Question: We used a babysitter locator website to find someone to care for our son this summer. After selecting a babysitter, however, we kept having difficulty scheduling her for the hours that we needed. After several cancellations, we became concerned about whether she was trustworthy enough to care for our son. We decided to cancel our arrangement with her and enroll him in a daycare program. Now she is threatening to sue us. Can I be sued for canceling our arrangement with her, despite the fact that she never cared for our son a single time?

Answer: Can you be sued? Yes. You can always be sued. The real question is, how likely are you to lose? And if you’re not likely to lose, how quickly and cheaply can you get it resolved?

Your question assumes that you formed a contract with this babysitter. There are several steps that have to have occurred in order for a contract to have been formed. A vague understanding that you would call this woman when you needed her probably wouldn’t be enough to do it. There needs to have been a relatively specific agreement, acknowledged by both of you, about what she was going to do for you and how much you were going to pay her for her services. I can’t tell from your question whether your agreement meets that threshold, but for purposes of this answer, I’ll assume, as you have, that it does.

With that assumption in place, my first question, if I were representing you, would be whether she breached the contract by failing to show up for the hours that you needed her. It’s possible that if anyone has a legal claim to assert here, it’s you.

Before you get too excited about that possibility, however, the thing to understand about breach of contract claims is that, in order to prevail on one, you have to prove that you were damaged by the other party’s failure to abide by the contract’s terms. Even if the other party blatantly failed to do what they contracted to do, you can only sue if their failure to perform cost you money.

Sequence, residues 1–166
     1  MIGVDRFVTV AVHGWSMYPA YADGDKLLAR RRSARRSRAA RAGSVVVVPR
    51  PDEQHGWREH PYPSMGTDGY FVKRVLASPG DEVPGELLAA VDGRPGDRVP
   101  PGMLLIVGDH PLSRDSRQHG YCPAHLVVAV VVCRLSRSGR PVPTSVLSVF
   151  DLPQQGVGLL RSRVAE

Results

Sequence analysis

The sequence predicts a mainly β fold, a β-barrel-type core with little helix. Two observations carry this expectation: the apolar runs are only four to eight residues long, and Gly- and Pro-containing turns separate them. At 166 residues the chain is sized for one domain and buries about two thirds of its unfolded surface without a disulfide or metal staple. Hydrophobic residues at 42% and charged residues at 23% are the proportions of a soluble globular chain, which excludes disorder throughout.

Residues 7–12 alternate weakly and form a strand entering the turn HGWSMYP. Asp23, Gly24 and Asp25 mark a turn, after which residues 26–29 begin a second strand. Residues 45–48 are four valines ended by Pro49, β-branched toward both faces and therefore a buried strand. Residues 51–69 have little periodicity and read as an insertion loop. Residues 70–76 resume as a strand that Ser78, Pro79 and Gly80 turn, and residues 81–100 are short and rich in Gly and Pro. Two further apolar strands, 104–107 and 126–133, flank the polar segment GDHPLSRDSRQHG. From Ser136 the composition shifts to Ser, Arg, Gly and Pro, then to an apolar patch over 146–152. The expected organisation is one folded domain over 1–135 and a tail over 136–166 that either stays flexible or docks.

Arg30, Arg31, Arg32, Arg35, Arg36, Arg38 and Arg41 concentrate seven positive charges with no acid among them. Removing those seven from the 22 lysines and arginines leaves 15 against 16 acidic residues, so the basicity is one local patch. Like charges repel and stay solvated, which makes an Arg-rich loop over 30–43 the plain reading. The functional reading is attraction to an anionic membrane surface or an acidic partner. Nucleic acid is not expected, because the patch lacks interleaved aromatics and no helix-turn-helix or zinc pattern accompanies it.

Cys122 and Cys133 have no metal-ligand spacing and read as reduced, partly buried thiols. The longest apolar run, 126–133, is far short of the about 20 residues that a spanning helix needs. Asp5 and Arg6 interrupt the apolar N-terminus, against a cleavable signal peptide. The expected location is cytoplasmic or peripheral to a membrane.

Moreover, parties to a contract have a duty to mitigate their damages when a breach has occurred. So let’s go one assumption further and presume that you had an enforceable contract in place and that your babysitter was ready, willing, and able to perform as she had promised, but that you impermissibly canceled your arrangement. She can’t just sit on her hands and sue you for everything that you had promised to pay her. She has to make a reasonable effort to go out and find another job. If she is able to find one, she doesn’t have any damages to sue you for.

If she really can’t find a job that pays her as much as you were going to pay her, she can sue you for the difference between what she ends up making and what you had promised to pay her. But that’s likely to be less, maybe much less, than the full amount that you were planning to pay her. And given that you have found other arrangements for your son’s care, you have mitigated your damages and don’t have anything to sue her for (unless the care you have arranged costs much more than you were planning to pay her, and you didn’t have any cheaper options).

Hopefully, your erstwhile babysitter will conclude that whatever she lost out on here is not enough to justify litigation. If you are sued, however, and the amount at issue is large enough to warrant putting up a vigorous defense, a good lawyer could probably throw a lot of sand in the gears of any claim brought against you.

Good luck with this.